As I sat in the Surgical Waiting Room, I was a witness to how the suffering of one person, was bringing into my life friends from almost every part of my life–friends, from high school, college, seminary, ministry, family members from across the state and country and globe. Friends who had moved out of my life and friends who were mostly my wife’s friends but who were relegated to engaging with me because my wife was often too weak or in too much pain to text let alone talk. God brought all sorts, and because of their love, and because of our need, we asked them to pray, and they received those requests and brought them to God. I cannot adequately describe the expansive sense of gratitude which has frequently squeezed tears out our eyes as we received. The thinly veiled venier of keeping it together was often wrinkled and torn through by the offer of a seemingly insignificant service or thoughtful duty.
Three hours later, Dr Jennifer appeared and gave me the news. My Jennifer did great, and was doing well. I know that I asked other questions and that she shared more information, but I had fixated on the most pressing news, and once I heard that news, all other news was only a curiosity. Good Friday.
What was it that brought Jesus to Jerusalem during the Passover that spring when Tiberius ruled the Empire? He might have brought an army with him to Jerusalem, but in the end he only brought eleven disciples, and three of them would keep vigil with him as he entered the heart of his mission. And having been worn out with the day’s expectation of an unforeseen glory, the disciples would fall asleep not knowing that in twenty-four hours their worlds would come crashing down in catastrophe.
One of those disciples, Peter, came to the Garden ready to fish or cut bait. He brought a sword and thinking he would strike the first blow of the revolution and cut a path to glory found that the one for whom he was willing to strike others was still healing the stricken. And so Peter watched Jesus heal the cut Peter himself had given Malchus. As the guards bound Jesus and took him to the Sanhedrin, Peter, quite literally, would cut and run.
You probably know what happened then: that the religious elite of Jerusalem brought Jesus to Pilate and Pilate sent him to Herod (Antipas), that he was brought to the Roman guards who flogged and mocked him and handed him over to the executioners who brought him a robe and a crown of thorns by which they intended to bring this Galilean to his knees before them. They had their way with him, and they brought him the final and greatest token of his mission, the wooden cross of his execution. And to Golgotha, Jesus took that cross, and the sins of the whole world (1Jn 2:22), and he did as Isaiah foretold: the punishment that was upon him, brought us peace.
But on that day and the two that followed, there wasn’t peace–there had been and was, catastrophe And so the disciples gathered in the Upper Room which would become for them, a waiting room–a room to sit out the time until hope against all hope someone brings better news.
Early on Sunday morning, Mary brought the spices by which she would do the last thing left to do for the one who had brought her so much. When she arrived at the tomb where Joseph and Nicodemus had brought the body of her Lord Jesus, Mary found the stone rolled away and the tomb empty. Mary’s arms, full of what she brought to offer, were stripped of the remaining honor, devotion, and service she could give because the body of her Lord was not there. And so, all that she had left to give, she gave–the tears of grief and the great sobs of loss. Having witnessed the shame and degradation of a public execution, the loss of death and hope, even now must she bear the pitiless ignominy of a grave desecration? A question brought her back, “Woman, why are you crying, who is it you are looking for?” And with a word of personal address, “Mary!”, the worst possible circumstance gave way to the best imaginable news. The waiting was over.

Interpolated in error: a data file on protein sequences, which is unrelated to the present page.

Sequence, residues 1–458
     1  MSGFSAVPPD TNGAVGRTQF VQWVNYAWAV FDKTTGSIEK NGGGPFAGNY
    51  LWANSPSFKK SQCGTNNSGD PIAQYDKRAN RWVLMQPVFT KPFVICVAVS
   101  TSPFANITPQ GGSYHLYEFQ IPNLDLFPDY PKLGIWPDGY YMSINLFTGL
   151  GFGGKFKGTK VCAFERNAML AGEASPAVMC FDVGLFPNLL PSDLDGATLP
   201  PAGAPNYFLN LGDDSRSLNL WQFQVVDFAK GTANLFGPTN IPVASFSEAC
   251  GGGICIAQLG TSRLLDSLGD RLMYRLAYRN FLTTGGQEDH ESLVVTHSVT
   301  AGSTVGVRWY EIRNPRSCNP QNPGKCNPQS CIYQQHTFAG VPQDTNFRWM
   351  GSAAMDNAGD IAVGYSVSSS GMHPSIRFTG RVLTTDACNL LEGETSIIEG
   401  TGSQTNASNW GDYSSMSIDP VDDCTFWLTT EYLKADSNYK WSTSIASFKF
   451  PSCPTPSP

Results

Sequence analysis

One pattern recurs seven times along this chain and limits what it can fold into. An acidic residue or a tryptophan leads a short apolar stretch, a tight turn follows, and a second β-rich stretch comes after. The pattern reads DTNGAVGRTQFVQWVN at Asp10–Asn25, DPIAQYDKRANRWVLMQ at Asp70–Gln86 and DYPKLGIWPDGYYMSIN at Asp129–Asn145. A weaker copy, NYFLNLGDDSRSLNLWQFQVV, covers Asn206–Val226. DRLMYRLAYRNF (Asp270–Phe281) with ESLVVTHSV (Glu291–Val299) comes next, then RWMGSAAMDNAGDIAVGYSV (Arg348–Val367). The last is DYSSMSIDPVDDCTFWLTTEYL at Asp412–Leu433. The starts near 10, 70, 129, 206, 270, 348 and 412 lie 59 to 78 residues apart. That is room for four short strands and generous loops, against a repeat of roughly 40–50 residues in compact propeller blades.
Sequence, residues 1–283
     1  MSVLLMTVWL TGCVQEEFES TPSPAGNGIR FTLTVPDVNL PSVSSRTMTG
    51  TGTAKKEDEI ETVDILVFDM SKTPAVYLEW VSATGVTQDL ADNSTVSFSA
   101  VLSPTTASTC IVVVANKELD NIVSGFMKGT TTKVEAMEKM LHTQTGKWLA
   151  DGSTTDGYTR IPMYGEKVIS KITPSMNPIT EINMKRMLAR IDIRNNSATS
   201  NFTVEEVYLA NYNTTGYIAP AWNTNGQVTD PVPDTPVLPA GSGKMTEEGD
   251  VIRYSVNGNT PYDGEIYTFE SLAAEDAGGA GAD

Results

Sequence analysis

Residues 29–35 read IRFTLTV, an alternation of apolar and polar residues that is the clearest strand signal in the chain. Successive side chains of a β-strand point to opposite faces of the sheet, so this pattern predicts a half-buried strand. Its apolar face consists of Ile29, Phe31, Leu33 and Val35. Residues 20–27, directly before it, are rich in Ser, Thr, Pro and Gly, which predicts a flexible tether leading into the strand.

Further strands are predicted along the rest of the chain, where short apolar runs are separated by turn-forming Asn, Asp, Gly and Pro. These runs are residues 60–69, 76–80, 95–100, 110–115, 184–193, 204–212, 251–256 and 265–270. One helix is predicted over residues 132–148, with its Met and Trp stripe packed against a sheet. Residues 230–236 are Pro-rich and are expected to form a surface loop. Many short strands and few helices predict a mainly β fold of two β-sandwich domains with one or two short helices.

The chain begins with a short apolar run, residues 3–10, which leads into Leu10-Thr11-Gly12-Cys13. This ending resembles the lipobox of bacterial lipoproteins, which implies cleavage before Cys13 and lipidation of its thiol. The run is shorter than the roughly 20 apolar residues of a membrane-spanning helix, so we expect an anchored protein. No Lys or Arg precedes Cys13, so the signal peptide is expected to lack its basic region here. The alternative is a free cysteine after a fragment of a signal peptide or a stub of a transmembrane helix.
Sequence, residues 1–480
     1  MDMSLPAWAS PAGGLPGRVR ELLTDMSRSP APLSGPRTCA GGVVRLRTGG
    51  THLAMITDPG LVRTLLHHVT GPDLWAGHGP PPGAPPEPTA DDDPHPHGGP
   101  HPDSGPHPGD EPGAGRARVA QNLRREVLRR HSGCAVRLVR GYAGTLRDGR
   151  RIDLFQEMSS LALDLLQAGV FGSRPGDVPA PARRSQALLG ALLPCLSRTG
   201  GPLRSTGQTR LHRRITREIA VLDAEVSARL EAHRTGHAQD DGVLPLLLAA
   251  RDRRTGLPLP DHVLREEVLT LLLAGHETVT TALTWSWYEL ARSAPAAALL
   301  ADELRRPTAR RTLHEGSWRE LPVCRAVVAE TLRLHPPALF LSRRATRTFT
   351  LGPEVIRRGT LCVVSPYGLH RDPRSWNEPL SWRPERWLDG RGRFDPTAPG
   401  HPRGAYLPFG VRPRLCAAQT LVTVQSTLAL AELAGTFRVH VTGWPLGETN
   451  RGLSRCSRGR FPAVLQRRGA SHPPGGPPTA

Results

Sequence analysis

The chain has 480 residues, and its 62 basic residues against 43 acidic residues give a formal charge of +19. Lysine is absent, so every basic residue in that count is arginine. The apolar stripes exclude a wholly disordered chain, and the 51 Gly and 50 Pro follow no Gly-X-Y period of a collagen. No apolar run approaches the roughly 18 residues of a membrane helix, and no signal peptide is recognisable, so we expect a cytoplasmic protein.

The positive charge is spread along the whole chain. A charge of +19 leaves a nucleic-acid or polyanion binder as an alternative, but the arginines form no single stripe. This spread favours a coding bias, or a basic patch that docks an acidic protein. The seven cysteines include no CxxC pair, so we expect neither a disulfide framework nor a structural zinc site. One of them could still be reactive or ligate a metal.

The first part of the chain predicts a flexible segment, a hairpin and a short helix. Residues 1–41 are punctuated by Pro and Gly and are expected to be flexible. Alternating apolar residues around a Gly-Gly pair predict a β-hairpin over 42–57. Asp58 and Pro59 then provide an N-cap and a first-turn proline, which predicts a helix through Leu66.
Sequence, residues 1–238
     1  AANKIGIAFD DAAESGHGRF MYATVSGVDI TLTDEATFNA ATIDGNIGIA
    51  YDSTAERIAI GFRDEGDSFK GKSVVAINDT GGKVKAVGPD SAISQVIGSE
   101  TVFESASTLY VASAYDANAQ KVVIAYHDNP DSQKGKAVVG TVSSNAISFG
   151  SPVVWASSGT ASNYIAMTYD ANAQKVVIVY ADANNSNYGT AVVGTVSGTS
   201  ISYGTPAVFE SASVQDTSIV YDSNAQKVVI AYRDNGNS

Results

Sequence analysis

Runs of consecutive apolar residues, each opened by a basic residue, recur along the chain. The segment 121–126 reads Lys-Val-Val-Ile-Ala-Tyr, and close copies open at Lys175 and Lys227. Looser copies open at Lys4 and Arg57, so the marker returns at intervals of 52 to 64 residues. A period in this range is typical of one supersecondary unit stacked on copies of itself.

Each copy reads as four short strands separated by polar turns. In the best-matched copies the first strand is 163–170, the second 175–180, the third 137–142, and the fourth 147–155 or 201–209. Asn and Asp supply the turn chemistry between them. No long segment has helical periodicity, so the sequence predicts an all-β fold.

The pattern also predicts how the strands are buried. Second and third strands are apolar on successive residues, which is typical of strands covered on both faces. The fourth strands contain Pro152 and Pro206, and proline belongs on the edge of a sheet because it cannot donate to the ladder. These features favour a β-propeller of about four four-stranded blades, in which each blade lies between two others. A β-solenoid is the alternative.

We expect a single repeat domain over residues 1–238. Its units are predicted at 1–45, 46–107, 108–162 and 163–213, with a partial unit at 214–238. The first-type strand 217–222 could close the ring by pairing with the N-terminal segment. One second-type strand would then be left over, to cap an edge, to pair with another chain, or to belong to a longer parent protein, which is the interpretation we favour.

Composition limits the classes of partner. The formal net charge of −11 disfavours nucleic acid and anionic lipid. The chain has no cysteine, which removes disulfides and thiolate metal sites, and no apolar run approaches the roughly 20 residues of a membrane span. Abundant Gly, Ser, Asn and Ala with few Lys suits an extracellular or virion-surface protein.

As I sat for the second time in as many weeks in the Surgical Waiting Room, fearful and catastrophizing–recalling the circumstances that had brought my wife and my family to this, I was bolstered by the news of One who brought me. I brought my wife to the ER. In the rooms of our waiting, Jennifer and I were brought to tears in pain and weariness. I was brought to the end of my rope. But as I sit in that room, I am filled with a deep sense of gratitude for the one who came to bring us to God.
And how about you? Do you know the events which have brought you here this morning? How is it that you got here? What did you expect to find? This room is not unlike that Upper Room or the Forsyth Hospital Surgical Waiting Room. You can keep yourself occupied, you may divert yourself with the t.v. or your smartphones, but the fact of the matter is, you’re waiting for news and it is the most urgent news: either the one who has suffered is alive or that all hope is lost. On Good Friday, those many years ago, the news seemed to be of the most tragic: the just one was condemned, the healer was dead. But on that Easter morning, Mary brought news that the restorer of health and life and the world was alive.
“For Christ died for sins once for all, the righteous for the unrighteous, to bring you to God. He was put to death in the body but made alive by the Spirit…”
The Good News which gives all my circumstance meaning, is not that I must bring this or that so that I might come to him, but that I, having been brought to the end of myself, have been brought by him, to God — the righteous for the unrighteous, once for all.